• Talk it out: Call a meeting with those you trust most; those who have the ability to give you varying perspectives. Be open to their ideas and hear what they have to say in regards to finding a solution. This would be a GREAT time to use someone who has strategy as one of their Top Strengths. Since my Top Strength is strategy, I have often been called into various planning meetings to give input during the brainstorming process. Strategists usually have great solutions, but make sure they don’t dominate the entire conversation. 🙂

2. Narrow It Down

Once you have generated multiple solutions, prioritize the ideas that could actually work. Throw out the ones that are bogus. You can use a criteria list to help with this part of the process. Look at things like: 

  • Efficiency
  • Time it will take to implement a solution
  • Cost of the solution (especially if you have a tight budget)

3. Choose the Best Solution–or a Combination of Some

Again, there is not always ONE right answer. Sometimes, it may take a combination of solutions and ideas to approach a problem and solve it. Keep an open mind while trying to figure out what will work best, and be wary of falling into the trap of over-analyzing.

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4. Set A Timeline

This is one of the most important areas of problem-solving. A solution is only as good as its plan. I know that sounds strange, but planning is so underrated. Once you have an answer, set up the blueprint for execution. Here are some questions you may need to ask yourself:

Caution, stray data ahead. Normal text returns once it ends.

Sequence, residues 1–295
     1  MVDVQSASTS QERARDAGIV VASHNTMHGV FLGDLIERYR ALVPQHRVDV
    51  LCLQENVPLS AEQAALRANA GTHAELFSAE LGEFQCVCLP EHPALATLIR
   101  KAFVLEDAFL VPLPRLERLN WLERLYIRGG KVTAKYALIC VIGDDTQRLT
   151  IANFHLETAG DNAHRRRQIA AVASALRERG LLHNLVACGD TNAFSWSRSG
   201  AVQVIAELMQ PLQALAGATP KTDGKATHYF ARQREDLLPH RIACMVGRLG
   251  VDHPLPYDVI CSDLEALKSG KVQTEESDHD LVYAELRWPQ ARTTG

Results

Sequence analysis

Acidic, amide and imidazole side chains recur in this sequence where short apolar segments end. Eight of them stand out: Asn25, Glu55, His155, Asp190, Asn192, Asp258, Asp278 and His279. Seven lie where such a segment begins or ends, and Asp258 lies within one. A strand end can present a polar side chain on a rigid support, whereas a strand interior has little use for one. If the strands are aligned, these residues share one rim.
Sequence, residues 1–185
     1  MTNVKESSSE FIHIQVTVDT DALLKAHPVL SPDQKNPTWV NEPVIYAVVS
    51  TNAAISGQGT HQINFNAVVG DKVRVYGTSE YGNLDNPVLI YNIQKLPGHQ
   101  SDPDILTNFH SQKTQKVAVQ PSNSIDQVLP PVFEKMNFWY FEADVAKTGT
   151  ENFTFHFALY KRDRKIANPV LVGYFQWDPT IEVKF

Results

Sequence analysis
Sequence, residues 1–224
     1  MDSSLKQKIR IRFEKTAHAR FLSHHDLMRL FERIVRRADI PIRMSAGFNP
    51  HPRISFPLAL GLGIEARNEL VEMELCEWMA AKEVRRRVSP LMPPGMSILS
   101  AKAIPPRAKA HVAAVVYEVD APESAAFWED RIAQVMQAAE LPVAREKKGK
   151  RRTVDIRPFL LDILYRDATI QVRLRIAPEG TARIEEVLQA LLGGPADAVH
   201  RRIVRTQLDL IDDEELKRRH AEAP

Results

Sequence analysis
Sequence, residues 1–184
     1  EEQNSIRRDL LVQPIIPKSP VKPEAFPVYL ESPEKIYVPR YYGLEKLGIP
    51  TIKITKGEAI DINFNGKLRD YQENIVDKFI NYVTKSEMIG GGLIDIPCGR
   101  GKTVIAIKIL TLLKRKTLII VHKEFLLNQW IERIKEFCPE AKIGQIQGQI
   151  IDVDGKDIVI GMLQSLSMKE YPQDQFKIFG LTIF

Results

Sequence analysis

• Does this problem/solution have a due date?
  • When will I/we begin working on the problem, using the chosen solution?
  • How long will the problem take to solve?
  • Do I need others to help me solve the problem?

5. Delegate As Appropriate

The key to success begins with delegation. And don’t let anyone tell you otherwise. If you’re like me, wavering between perfectionism and creativism (totally made up that word), then you can empathize with the real temptation of doing everything yourself. I had to learn the hard way that it’s a good thing to ask for help, and that I can actually get more done with extra hands. Who knew, right?

Build a team (if applicable) of people who are trustworthy that can get the job done. They may not do things your way, but that’s okay. As long as the outcome is successful, you’ll be grateful for the extra help. And let me be the first to say that my former assistant was a godsend! I wouldn’t have been alive at the end of the school year without her.

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6. Execute

Once you have the pieces in place, it’s time to solve the puzzle. You have your solution, timeline, and team, so get to work! Just picture Tim Gunn looming over your workstation, and ask yourself if he’d be impressed or horrified by your creation.